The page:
What to Know When Renting with a Disability
When you have a disability and are looking for an accessible apartment, there are rules, laws and resources to help you get an apartment. Armed with the proper knowledge and understanding of what accessibility for people with disabilities means when it comes to accessible housing, you can ask the right questions when you begin your apartment search.
Who is considered a disabled person?
According to the National Network of the Americans With Disabilities Act, a person with a disability has one or more physical or mental impairments that include mobility, hearing, vision, or mental health issues that limit one or more activities of life. The definition also includes people who may have previously had a disability that they no longer have, called an impairment or disability record. All people with current or past disabilities are protected by federal law.
Laws relating to accessible housing and tenants with disabilities
Fair Housing Act (FHA)
In 1968, the Fair Housing Act was passed. The law protects tenants and buyers from several categories of discrimination: race, color, national origin, sex, marital status and disability. The law is aimed at housing providers such as landlords and real estate companies to prevent these entities from not allowing you to rent or buy a home based on the criteria above.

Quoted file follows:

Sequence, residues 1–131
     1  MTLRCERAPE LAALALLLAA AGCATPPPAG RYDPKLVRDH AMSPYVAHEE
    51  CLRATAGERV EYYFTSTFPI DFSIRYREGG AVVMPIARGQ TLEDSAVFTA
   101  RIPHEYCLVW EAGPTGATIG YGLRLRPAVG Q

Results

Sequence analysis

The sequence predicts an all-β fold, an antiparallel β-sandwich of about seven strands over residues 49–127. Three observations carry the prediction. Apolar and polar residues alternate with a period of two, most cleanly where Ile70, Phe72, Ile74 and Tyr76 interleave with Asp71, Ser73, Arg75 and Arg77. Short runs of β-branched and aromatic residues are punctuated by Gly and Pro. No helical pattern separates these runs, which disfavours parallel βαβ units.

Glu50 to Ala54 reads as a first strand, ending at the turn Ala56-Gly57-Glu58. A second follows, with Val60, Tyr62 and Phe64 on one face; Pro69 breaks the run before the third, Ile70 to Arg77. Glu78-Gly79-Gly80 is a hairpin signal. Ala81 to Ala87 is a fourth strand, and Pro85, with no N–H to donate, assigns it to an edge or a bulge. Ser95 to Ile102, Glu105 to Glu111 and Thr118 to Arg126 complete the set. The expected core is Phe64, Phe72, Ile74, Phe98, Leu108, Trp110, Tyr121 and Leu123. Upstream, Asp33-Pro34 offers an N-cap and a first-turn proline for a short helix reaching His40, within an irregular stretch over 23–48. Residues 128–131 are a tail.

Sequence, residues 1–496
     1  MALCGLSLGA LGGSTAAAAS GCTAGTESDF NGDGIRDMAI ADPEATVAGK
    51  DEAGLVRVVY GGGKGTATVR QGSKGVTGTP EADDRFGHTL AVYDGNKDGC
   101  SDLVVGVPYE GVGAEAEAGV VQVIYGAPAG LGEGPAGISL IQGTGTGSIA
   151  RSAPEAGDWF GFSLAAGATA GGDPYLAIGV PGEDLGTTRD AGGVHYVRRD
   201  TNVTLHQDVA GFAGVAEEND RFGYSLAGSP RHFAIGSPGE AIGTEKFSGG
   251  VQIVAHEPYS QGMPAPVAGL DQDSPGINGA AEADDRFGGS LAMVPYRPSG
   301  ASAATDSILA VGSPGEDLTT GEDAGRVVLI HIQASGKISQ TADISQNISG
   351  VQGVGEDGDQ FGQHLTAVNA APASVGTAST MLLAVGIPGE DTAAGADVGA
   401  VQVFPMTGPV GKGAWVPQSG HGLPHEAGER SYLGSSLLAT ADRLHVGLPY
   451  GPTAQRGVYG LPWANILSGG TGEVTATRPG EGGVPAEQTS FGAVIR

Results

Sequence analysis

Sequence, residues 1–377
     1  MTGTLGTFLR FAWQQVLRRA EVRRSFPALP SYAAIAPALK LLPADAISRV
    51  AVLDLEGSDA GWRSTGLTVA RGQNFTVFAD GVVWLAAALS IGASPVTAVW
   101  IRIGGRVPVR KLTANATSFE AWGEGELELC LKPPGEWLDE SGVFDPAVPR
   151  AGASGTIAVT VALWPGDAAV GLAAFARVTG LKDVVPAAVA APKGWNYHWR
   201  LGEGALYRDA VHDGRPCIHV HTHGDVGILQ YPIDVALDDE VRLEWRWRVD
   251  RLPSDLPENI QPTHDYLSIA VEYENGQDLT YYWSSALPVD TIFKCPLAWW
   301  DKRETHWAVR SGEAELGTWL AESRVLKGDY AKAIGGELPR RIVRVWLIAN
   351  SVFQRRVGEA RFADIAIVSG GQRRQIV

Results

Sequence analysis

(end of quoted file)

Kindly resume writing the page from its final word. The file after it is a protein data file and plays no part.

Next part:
As of 1991, under the Fair Housing Amendments Act, new constructions of certain multi-family dwellings with four or more dwellings must include these characteristics: an accessible entrance, accessible common areas, doors wide enough to accommodate wheelchairs, accessible pathways throughout the dwelling, light switches and electrical outlets that a person in a wheelchair can access, and grab bars in the bathroom. In addition, the kitchen and bathroom should have a design that allows a wheelchair to move around.
Americans with Disabilities Act (ADA)